As the U.S. housing sector cools off, housing companies are slashing jobs left, right and center. One CEO of a real estate company said that job cuts were necessary, given how bad things are about to get.
“A layoff is always an awful shock, especially when I’ve said that we’d go through heck to avoid one…But mortgage rates increased faster than at any point in history,” Redfin
CEO Glenn Kelman said in a blog post announcing that he’d asked 8% of the company’s employees to leave. “We could be facing years, not months, of fewer home sales, and Redfin still plans to thrive.”
Mortgage rates are up on the back of rising inflation, with the average on the 30-year fixed-rate rising 14 basis points to 5.23% for the week ending June 9, according to weekly data from Freddie Mac. New data is expected on Thursday morning.
Redfin and another real-estate company, Compass
have both announced that they’re cutting jobs, MarketWatch’s Tomi Kilgore reported on Tuesday. Redfin said it was shedding 470 employees. Compass said it was cutting 10% of its workforce, around 450 jobs.
Meanwhile, housing data reported on Wednesday morning signaled further weakness in the sector, one economist said.
“This is still the early stages of the housing rollover; homebuilders are not yet ready to admit that the sky is falling in,” Ian Shepherdson of Pantheon Macroeconomics stated. “But it is.”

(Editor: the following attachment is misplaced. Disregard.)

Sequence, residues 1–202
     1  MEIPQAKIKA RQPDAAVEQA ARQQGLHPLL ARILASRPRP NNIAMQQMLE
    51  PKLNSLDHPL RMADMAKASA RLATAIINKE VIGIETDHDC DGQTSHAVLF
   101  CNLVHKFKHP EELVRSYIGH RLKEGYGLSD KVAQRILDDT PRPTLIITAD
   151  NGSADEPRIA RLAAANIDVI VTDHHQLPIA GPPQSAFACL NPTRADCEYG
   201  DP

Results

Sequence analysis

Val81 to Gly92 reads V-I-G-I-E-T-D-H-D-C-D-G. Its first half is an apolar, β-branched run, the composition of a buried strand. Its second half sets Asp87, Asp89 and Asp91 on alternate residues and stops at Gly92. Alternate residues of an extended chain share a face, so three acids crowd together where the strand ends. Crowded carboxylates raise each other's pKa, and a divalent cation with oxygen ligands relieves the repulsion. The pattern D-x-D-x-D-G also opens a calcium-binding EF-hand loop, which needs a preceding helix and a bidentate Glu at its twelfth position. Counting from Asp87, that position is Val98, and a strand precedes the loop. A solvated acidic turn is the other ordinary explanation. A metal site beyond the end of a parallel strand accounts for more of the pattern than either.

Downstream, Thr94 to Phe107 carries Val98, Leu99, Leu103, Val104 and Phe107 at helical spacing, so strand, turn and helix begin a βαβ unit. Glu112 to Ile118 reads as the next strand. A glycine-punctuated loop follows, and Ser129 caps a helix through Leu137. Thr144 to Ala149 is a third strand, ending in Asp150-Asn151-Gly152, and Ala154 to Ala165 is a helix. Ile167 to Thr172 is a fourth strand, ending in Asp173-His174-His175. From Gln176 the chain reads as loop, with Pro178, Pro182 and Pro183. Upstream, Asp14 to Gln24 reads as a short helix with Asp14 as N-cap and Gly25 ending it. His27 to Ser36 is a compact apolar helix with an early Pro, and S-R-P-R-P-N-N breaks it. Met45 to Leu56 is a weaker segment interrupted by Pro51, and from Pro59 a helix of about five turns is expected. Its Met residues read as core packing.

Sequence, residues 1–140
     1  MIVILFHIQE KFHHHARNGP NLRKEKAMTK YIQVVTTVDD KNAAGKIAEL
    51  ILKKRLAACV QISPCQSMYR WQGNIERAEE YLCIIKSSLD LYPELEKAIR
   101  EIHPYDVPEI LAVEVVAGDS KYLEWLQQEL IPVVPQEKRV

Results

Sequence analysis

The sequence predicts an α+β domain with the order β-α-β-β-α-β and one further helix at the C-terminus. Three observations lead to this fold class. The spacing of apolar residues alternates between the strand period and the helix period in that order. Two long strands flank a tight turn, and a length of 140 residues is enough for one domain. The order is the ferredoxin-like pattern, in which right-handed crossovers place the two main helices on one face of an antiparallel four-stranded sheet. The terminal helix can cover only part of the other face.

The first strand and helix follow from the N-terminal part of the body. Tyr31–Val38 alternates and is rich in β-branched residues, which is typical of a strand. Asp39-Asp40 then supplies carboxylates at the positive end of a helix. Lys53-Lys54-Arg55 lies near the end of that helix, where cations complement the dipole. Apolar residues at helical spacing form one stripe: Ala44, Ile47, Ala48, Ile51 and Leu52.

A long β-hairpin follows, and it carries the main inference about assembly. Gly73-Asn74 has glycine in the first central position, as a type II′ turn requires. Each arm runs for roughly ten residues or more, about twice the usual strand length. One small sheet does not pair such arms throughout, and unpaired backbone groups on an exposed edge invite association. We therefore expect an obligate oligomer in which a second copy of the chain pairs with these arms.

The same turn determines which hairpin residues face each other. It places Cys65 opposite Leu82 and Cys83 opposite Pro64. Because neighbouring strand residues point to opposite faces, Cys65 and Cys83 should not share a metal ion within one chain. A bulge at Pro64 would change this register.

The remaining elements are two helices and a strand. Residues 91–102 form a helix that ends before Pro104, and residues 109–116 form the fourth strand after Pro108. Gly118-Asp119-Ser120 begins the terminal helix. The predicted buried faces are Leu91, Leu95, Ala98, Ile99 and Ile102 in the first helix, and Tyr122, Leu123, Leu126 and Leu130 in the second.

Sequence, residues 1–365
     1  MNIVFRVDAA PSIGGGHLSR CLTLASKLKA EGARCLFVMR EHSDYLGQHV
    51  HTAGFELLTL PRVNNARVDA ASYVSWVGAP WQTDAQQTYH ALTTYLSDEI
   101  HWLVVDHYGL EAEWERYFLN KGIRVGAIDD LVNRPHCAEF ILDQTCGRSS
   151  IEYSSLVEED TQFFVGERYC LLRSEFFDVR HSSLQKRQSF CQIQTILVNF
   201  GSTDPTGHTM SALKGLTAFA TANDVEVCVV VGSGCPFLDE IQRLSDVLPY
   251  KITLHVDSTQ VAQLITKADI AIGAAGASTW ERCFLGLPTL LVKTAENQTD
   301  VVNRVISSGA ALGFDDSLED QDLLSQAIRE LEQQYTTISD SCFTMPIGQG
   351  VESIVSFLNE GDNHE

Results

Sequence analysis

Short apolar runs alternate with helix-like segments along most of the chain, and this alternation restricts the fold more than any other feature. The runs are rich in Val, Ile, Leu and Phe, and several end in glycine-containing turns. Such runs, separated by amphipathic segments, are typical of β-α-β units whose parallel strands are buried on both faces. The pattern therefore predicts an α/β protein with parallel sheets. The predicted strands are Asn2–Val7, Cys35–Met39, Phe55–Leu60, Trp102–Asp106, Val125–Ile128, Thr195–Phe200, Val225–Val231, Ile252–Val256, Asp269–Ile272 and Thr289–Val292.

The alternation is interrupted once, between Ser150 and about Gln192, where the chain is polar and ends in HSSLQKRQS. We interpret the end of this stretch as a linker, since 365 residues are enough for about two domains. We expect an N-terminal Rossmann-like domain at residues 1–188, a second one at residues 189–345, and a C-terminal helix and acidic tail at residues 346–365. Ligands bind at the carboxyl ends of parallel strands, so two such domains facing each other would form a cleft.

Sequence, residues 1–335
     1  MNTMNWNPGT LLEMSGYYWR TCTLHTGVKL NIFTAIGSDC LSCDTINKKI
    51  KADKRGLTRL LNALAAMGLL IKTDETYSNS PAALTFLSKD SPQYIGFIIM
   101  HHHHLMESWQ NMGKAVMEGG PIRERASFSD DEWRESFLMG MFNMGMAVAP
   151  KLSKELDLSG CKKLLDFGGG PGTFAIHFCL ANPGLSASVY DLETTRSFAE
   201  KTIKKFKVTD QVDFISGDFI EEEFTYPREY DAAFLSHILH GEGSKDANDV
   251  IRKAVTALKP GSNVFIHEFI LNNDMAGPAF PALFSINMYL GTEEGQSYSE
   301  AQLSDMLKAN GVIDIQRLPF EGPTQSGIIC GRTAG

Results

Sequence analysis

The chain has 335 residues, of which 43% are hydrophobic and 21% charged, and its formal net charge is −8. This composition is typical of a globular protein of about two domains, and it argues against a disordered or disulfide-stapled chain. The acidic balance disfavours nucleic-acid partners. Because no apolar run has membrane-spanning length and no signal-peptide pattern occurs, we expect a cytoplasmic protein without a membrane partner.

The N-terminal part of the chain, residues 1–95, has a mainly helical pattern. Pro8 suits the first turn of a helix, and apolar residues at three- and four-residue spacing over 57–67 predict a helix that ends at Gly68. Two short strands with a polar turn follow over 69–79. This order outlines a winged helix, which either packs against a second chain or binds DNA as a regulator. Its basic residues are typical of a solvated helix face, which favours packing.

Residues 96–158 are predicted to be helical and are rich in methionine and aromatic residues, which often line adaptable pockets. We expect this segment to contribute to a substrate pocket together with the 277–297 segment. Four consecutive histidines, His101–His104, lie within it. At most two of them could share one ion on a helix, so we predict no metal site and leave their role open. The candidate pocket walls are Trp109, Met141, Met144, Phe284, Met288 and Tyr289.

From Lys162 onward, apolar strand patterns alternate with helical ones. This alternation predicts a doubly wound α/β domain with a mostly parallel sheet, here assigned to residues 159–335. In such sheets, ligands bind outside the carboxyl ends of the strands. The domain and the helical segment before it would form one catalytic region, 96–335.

‘Early stages of the housing rollover’
One economist said that more pain was to be expected in the housing sector, given the rapidly changing environment
The home builder confidence index dropped by two points in the month of June — for the sixth straight month.
“We expected a bigger hit, but this is not the floor,” Ian Shepherdson, chief economist at Pantheon Macroeconomics, said in a note on Wednesday. “Mortgage demand is in free-fall, and the [National Association of Home Builders] index will drop much further over the summer.”
With mortgage applications also dropping from December highs, Shepherdson said that inventory levels and new home sales data all point to signs of a further drop in prices and new construction activity.
“This is still the early stages of the housing rollover; homebuilders are not yet ready to admit that the sky is falling in,” he stated. “But it is.”
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